Martin Kippenberger retrospective at MOCA

Los Angeles Times Staff Writer

Bad boy, egotist, prankster, exhibitionist, provocateur. Martin Kippenberger cultivated lots of edgy identities while exploring what it meant to be an artist in a world where traditional values and ways of working had been turned upside down.

Born in Dortmund, West Germany, the son of a coal mine manager and a dermatologist, Kippenberger studied art but aspired to be an actor before launching himself as a painter. His life and career were cut short in 1997, when he died of liver cancer at 44, but he left a hugely varied body of work that defies categorization.

Ann Goldstein, senior curator at the Museum of Contemporary Art, has taken on the challenge in “Martin Kippenberger: Problem Perspective,” the first major U.S. retrospective of the artist's work. Opening today, it's packed with paintings, sculptures, works on paper, installations, photographs, multiples, books, posters and announcement cards. The exhibition will travel to the Museum of Modern Art in New York from March 1 to May 11.

"One can only understand Kippenberger through the breadth and volume of his practice," Goldstein says. "He produced hundreds and hundreds of works. I have settled on 250, but that doesn't account for the fact that one of those is a multi-part installation or that another work comprises 56 canvases and another, 47 drawings.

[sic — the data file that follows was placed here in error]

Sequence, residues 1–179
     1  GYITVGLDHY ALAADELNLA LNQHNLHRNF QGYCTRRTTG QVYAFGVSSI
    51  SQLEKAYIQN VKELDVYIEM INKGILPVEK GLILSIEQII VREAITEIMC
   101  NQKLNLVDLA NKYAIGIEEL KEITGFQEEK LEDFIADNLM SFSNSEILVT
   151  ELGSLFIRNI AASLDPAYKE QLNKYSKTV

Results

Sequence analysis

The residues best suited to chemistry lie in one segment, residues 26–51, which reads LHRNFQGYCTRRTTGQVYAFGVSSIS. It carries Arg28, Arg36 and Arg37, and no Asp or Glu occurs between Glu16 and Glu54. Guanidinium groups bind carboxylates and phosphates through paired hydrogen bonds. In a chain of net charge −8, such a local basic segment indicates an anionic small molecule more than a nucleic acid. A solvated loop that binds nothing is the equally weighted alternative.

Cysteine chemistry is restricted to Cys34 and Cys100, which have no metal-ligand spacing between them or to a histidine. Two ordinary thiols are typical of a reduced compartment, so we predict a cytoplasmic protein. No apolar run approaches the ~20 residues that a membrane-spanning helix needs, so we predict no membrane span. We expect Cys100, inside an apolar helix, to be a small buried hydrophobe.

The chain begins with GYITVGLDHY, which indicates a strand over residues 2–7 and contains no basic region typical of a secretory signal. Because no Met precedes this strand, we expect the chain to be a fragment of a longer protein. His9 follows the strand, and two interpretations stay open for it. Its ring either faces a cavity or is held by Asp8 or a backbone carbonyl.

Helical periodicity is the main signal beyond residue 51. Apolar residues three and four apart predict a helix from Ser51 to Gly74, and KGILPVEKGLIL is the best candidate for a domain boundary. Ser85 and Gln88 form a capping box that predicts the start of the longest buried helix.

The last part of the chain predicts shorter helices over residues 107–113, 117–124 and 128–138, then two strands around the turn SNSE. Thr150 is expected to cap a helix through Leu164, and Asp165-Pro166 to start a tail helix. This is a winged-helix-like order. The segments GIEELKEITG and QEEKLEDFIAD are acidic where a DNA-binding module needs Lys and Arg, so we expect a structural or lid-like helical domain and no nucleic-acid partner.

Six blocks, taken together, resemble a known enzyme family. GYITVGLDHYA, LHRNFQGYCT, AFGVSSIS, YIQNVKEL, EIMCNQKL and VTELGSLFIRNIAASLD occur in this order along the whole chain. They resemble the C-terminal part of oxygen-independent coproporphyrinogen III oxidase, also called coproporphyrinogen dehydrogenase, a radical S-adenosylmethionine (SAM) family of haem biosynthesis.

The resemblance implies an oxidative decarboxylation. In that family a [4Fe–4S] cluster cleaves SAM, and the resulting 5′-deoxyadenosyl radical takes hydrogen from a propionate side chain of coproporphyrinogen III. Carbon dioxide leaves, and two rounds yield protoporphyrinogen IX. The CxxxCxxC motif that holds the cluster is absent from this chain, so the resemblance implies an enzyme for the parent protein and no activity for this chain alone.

"Kippenberger claimed a position for himself as a publisher, curator and performer, as well as author of objects," she says. "He was keenly aware of the roles artists play and challenged ideas of authorship and originality. He cannibalized himself over time, recycled his images and worked with assistants and other artists to produce his work, even conceive of the work.

"He really complicated things, but through that complication I think one can see a coherence. My hope is that through the volume, one will have a clear understanding of Kippenberger."

Even so, getting a grip on any artist entails considering one work at a time as well as the big picture. Goldstein shared thoughts, below, about five pieces she chose to exhibit.

Museum of Contemporary Art, 250 S. Grand Ave., and 152 N. Central Ave., L.A. 11 a.m. to 5 p.m. Mondays and Fridays, 11 a.m. to 8 p.m. Thursdays, 11 a.m. 6 p.m. Saturdays and Sundays. Ends Jan. 5. (213) 626-6222.

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